I am preparing to teach a 4-week series on stewardship in my congregation. One of the resources that I am using is A Spirituality of Fundraising by Henri J.M. Nouwen. Not only is this a great, short read, but also a fantastic conversation starter on the issue of stewardship. In the context of the class I am teaching, I plan to quote this book to prompt thoughtful reflection on the issue of money and ministry. This book, however, is so much more than a book about money, it really is a book about discipleship and how we invite people to take part in the church. Fundraising is, and has always been, an issue with which the church has struggled. From the early patrons of the Apostles to today, funding is part of the ministry conversation. When we ask people to give, we are really asking them to participate with their money. Asking people to participate in something meaningful and important, you have to start with a passion and a vision. You do not just ask people to take part, and mean it, in things that are not important to you. If you are asking people to give to the church, you have to tell them why it is important. This book helps you reflect on the spiritual exercise of communicating that purpose and vision.
“…proclaiming what we believe in such a way that we offer other people an opportunity to participate with us in our vision and mission.”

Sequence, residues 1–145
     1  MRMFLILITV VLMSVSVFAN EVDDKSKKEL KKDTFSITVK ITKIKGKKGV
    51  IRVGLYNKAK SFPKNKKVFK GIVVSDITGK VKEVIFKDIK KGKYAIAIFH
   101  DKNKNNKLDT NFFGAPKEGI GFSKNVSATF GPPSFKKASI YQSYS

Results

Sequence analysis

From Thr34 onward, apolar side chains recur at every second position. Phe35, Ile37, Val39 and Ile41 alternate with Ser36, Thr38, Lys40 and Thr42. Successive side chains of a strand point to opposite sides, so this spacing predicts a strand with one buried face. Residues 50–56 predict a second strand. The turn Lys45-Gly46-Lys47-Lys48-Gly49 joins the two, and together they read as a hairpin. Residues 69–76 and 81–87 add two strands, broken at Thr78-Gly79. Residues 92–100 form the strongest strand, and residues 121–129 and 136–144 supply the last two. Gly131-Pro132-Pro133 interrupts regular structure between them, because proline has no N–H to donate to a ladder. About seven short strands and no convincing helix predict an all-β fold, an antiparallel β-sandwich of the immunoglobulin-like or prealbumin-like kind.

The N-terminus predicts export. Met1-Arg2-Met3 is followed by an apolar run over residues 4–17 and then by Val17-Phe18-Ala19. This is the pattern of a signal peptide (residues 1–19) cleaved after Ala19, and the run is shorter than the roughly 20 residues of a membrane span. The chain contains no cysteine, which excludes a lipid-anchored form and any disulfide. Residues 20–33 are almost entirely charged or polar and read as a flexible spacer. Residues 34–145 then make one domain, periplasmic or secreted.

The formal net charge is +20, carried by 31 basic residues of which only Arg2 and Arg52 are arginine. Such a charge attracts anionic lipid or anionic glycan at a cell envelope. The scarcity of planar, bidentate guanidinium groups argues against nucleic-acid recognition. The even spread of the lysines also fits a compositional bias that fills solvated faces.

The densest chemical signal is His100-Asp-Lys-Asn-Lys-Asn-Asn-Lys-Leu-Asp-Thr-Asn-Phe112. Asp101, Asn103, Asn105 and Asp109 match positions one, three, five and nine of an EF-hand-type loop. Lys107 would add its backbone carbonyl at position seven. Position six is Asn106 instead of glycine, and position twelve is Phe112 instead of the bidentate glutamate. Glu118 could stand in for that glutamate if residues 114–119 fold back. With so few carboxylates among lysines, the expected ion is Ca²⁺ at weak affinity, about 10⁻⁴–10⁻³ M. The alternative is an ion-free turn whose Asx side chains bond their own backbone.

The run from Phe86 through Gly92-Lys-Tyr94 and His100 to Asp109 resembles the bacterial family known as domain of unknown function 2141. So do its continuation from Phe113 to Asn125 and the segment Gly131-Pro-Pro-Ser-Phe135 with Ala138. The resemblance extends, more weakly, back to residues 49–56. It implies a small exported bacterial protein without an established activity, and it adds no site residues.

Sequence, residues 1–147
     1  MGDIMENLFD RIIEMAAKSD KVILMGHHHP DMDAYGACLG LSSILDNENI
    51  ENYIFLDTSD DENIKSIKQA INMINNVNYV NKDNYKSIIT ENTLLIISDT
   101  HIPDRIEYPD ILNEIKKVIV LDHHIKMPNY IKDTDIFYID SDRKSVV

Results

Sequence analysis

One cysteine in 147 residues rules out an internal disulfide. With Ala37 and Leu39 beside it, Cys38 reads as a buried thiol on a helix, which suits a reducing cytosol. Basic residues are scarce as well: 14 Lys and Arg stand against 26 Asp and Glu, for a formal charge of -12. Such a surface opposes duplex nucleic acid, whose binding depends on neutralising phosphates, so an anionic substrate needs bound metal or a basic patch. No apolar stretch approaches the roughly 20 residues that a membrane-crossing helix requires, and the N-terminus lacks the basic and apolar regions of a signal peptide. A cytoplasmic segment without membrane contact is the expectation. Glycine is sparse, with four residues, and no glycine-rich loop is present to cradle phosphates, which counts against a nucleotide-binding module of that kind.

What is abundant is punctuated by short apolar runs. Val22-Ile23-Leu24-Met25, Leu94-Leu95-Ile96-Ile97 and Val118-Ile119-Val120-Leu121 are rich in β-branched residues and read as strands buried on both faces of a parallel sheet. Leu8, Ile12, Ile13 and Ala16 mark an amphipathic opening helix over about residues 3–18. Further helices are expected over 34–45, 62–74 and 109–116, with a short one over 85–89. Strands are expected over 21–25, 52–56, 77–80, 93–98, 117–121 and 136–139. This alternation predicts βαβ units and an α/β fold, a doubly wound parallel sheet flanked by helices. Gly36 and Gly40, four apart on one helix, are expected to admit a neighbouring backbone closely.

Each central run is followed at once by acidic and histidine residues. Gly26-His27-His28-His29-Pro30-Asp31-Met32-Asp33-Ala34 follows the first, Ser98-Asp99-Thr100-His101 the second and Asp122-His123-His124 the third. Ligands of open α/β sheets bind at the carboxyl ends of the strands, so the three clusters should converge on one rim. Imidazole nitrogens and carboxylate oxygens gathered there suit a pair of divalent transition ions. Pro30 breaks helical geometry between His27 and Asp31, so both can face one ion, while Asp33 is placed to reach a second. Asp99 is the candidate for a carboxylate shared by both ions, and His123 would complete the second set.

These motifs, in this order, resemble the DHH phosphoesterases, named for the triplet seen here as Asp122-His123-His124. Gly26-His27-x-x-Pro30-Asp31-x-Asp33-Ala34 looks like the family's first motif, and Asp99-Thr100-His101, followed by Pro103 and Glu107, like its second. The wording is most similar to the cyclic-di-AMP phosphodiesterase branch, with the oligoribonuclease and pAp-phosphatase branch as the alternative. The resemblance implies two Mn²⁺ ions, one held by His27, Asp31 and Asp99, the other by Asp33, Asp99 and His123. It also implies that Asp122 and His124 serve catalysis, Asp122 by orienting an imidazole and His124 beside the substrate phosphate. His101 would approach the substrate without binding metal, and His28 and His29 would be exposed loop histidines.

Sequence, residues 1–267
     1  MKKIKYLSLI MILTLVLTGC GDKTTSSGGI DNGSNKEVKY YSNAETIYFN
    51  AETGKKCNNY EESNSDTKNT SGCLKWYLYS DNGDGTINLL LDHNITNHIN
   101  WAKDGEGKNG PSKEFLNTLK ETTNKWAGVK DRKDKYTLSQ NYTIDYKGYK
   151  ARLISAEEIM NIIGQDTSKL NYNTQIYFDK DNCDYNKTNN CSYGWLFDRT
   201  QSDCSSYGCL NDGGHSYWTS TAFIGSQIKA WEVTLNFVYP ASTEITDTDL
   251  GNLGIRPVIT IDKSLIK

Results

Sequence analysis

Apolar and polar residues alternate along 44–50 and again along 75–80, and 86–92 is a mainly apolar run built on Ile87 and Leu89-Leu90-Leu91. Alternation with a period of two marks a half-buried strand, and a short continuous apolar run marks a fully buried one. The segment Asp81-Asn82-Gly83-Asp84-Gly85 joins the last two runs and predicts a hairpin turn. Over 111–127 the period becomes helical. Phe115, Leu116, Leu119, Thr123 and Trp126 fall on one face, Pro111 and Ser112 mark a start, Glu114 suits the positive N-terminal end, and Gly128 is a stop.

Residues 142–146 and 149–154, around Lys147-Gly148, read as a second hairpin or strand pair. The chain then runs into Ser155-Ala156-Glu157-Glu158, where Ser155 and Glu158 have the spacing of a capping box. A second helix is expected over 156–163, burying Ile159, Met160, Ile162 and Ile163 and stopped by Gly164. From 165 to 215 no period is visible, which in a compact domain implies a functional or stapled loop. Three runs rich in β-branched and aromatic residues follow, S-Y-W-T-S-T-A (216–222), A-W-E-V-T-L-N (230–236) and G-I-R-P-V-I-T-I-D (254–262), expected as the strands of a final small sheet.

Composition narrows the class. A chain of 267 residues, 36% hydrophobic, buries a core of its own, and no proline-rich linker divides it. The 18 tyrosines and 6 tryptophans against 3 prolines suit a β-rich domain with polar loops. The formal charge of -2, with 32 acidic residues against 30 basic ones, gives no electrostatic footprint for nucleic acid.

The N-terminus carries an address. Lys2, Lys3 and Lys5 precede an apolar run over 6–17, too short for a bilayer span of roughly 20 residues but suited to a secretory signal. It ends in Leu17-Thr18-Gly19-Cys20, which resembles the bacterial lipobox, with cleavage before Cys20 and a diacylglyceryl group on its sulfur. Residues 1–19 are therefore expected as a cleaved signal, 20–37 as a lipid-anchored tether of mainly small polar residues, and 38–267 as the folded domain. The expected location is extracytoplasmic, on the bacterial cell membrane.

Many communities have shied away from speaking about money. Mostly because churches have done such a poor job articulating their mission and vision that it left painful scars of mismanagement and dishonesty. To articulate why we want to fund something, we have to understand the impact it will have on lives in our community and world. If you cannot articulate that outcome, you do not need to be asking for money. Nouwen articulates, in a story in the book, a simple formula:
“I used the money well and told him what I had done with his gift. But money was not the most important thing part of our relationship. Most important was that we was able to share who he was and I was able to do the same in an atmosphere of mutual respect and trust.”
The ultimate measure of asking people to participate and give money or their lives is whether that invitation is calling them to a deeper relationship with God. People are not widgets in a wheel, checkbooks are not vessels to be siphoned, and time is too valuable to waste.
“We need to worry about whether, through the invitation we offer them and the relationship we develop with them, they will come closer to God.”
I encourage you to check out this short read (only 64 pages) and use it to spark meaningful conversation in your community. (Link to book on Amazon – CLICK HERE)